Finding new things to do in a city where you thought you’ve seen it all on numerous trips in the past is always exciting. It was on my tour around the UK to visit all four Safestay Hostels (two in London, one in York and one in Edinburgh) that I stumbled across a couple of things in Edinburgh that were completely new to me. Rabbie’s ‘Edinburgh City Tour’ was one of them – but it was not only new to me, it is actual the newest addition to Rabbie’s tour programme with trips all over the country, the British islands and even across the channel to France.
The tour around Edinburgh takes roughly 1.5 hours and offers a great introduction to the city’s highlights told from a local’s perspective. Read on to find out where the tour takes you, what I thought about it and how you can WIN two tickets to try it yourself!
Rabbie’s Edinburgh City Tour starts in the heart of the city on Waverley Bridge at the bottom of Cockburn Street. During the summer it runs every full hour from 9am to 7pm, which was when I boarded the open-deck mini van. Yes, you’ve heard correctly: Rabbie’s drives you through the city of Edinburgh in a convertible 16-seater – when it rains or it’s too cold the driver will simply close the roof, but when it’s sunny and warm you can feel the wind in your face.
It’s this small group size that makes the difference – the usual suspects of city bus tours cram as many people as possible into a double-decker bus, whereas Rabbie’s focuses on small group trips and a personal experience with the driver. It’s not a hop-on hop-off tour, but the driver stops at certain key points so you can get off to take photos. There is no live tour guide, cause there’s way too much to see, but instead you plug into your seat’s audio system to listen to a pre-recorded audio guide with stories and tips by locals.
You can get your tickets online or at Rabbie’s Cafe in Waterloo Place, approximately 6 minutes from the starting point of the tour. The cost is £20 per person. While you’re there have a coffee and a cake!
Where does Rabbie’s Edinburgh City Tour take you?
The short version: the tour goes past most of Edinburgh’s attractions. But of course, you want the long version.
From Waverley my driver Dave set out past the Scott’s Monument on Princes Street and Edinburgh Castle that towers above Princes Street Gardens. We continued through Edinburgh’s West End which I had actually never been to. I loved these first glimpses of Dean Village, the Water of Leith, the Scottish National Gallery of Modern Art and St Mary’s Cathedral – I need to make sure to come back here. And when I do, I will definitely keep this self-guided tour on the Water of Leith Walkway handy!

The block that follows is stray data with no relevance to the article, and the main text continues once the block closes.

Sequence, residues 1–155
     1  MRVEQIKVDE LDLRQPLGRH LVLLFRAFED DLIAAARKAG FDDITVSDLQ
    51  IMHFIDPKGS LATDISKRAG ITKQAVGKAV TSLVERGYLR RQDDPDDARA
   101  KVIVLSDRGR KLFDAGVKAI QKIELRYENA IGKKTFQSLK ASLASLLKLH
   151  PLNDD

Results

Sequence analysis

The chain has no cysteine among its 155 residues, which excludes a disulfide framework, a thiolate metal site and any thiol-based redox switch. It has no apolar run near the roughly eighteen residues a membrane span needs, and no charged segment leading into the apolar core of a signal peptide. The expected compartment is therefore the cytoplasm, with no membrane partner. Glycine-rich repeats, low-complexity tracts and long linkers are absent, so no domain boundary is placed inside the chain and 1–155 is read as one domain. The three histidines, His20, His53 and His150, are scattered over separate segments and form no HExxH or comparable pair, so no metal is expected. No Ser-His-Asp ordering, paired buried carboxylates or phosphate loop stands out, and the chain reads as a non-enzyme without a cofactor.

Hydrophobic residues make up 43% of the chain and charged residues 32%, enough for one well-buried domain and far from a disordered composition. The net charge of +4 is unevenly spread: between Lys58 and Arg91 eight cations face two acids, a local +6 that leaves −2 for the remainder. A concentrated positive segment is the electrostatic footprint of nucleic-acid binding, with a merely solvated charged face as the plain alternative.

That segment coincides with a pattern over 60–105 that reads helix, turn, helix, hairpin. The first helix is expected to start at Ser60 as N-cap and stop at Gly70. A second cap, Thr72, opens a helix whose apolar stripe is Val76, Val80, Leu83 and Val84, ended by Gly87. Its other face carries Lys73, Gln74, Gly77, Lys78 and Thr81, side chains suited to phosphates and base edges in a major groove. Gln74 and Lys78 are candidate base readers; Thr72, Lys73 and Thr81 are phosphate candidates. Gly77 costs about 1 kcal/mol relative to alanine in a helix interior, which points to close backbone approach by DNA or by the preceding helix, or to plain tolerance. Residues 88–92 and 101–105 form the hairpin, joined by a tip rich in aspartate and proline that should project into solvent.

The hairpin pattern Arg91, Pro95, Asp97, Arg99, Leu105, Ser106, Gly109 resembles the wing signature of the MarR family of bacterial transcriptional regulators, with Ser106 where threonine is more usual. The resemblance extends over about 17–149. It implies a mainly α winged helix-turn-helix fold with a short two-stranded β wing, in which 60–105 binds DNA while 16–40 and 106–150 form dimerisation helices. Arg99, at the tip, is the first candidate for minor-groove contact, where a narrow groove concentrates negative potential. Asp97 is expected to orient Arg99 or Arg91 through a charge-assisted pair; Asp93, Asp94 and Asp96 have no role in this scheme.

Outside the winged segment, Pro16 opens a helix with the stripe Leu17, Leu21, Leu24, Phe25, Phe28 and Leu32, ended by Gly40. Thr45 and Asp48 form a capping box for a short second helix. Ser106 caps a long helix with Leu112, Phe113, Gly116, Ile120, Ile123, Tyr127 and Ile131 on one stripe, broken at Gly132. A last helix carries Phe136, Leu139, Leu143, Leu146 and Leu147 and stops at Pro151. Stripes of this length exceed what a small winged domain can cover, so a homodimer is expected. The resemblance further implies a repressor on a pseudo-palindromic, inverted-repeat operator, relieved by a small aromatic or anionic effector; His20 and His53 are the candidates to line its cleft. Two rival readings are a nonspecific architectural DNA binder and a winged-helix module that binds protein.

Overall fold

Back in the Old Town we headed along the Grassmarket, past Bobby the dog and Greyfriars Bobby’s Bar, along George IV Bridge (which is a bridge, even if it doesn’t look like it these days) and up the Royal Mile towards Edinburgh Castle. This is where you we stopped for the first time, giving me the opportunity to stroll towards the Esplanade and take in the views over Edinburgh.
The third section of the tour lead us back across Waverley Bridge, but this time turning east towards Calton Hill and Holyrood. After we passed Calton Hill Dave stopped again, along Regent Road, as from here you can enjoy splendid views over Arthur Seat. Why I had never walked to this photo spot, I don’t know – by foot I’d estimate it’s probably around 15 minutes from Waverley Station… This was probably my favourite part of the tour, because the setting sun cast the most beautiful light over the hill and the roofs of Edinburgh. To finish off the tour we drove past Holyrood Palace, the Scottish Parliament and back up the Royal Mile.
The tour ended where it began, only that I left the minibus with a lot more knowledge, a better idea of the city’s layout and a few things to add to my bucket list!
Would I recommend this tour?
But what about getting off the bus to explore? Edinburgh is so walkable, that you don’t really need a hop-on hop-off bus to tick all the boxes. You can easily start your stay with Rabbie’s tour to get an overview and make a list of the places you particularly liked, and then head out on foot for the rest of the day (or days).
I like that you’re not seated in a double decker bus, but a small mini van – it makes for a much more intimate and exclusive feeling. The open roof is just the icing on the cake.
Planning a trip to Scotland?
// In collaboration with Rabbie’s. //